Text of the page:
Work & Bio

Randolph S. Hewton

Born in 1888
 / Died in 1960

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Biography

Randolph Stanley Hewton
June 12, 1888 – March 17, 1960

He was born in Maple Grove, Quebec and studied with William Brymner in Montreal, going on to study at the Académie Julian in Paris. He served overseas during World War I, taking part in the Somme offensive, and was awarded the Military Cross in 1918. After the war, he worked for Miller Brothers, paper box manufacturers, and became company president in 1921. He left the company to concentrate on painting but had returned to the position of company president by 1926. Hewton also married Isobel Monk (née Robertson) around this time. In 1933, he moved away from Montreal when Miller Brothers moved to Glen Miller, Ontario.

Hewton was a founding member of the Canadian Group of Painters. He was admitted to the Royal Canadian Academy of Arts in 1934. He helped found the Beaver Hall Group, a group of Canadian women painters based in Montreal, in 1920.

Hewton died in Belleville, Ontario at the age of 71.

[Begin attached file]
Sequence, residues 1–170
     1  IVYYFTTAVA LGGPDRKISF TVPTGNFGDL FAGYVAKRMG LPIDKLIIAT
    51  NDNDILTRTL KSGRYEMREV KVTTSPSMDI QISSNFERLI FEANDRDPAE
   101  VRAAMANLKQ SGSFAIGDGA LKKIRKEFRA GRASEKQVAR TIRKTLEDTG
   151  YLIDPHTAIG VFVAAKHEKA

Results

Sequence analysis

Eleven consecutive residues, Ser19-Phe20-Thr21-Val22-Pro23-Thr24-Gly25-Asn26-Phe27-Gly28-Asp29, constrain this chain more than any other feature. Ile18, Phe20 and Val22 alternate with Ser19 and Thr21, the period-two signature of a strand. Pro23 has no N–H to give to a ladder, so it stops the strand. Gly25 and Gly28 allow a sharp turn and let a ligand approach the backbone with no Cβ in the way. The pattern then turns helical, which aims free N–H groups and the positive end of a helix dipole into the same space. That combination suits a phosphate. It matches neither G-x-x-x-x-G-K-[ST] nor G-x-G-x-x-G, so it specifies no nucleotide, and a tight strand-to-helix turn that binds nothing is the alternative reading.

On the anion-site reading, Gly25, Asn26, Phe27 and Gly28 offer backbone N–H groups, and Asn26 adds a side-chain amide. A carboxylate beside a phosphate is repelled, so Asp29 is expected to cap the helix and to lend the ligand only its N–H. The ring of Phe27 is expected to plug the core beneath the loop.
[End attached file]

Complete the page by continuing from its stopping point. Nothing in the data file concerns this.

His works are held in the collections of the National Gallery of Canada, the Musée national des beaux-arts du Québec and the Art Gallery of Ontario.

Courtesy Wikipedia

Randolph Stanley Hewton

Randolph Stanley Hewton, painter (b at Maple-Grove, Qué 12 June 1888; d at Belleville, Ont 17 Mar 1960). He studied under William Brymner in Montréal (1903) and at the Académie Julian in Paris (1908-13). In Paris he met A.Y. Jackson (1912), whose influence on his style would be considerable. This influence and the impressionism to which he was exposed in Paris can be seen in his early Canadian landscapes. His interpretation was sympathetic to that of the Group of Seven but was not initially well received in his native Québec (1913). Perhaps his strongest development was in figure painting and portraiture, in which he successfully combined the traditional fundamentals with contemporary influences, as in Sleeping Woman (1929). He was a founding member of the Canadian Group of Painters (1933) and was elected to the Royal Canadian Academy of Arts in 1934.

Courtesy The Canadian Encylcopedia